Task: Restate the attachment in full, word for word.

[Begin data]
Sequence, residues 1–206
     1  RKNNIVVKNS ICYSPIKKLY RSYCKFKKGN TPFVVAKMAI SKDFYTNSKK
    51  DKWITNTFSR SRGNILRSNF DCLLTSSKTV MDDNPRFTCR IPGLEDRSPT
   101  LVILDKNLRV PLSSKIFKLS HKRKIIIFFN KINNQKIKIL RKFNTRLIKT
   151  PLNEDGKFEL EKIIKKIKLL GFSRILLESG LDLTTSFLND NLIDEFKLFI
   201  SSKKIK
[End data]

Sequence, residues 1–206
     1  RKNNIVVKNS ICYSPIKKLY RSYCKFKKGN TPFVVAKMAI SKDFYTNSKK
    51  DKWITNTFSR SRGNILRSNF DCLLTSSKTV MDDNPRFTCR IPGLEDRSPT
   101  LVILDKNLRV PLSSKIFKLS HKRKIIIFFN KINNQKIKIL RKFNTRLIKT
   151  PLNEDGKFEL EKIIKKIKLL GFSRILLESG LDLTTSFLND NLIDEFKLFI
   201  SSKKIK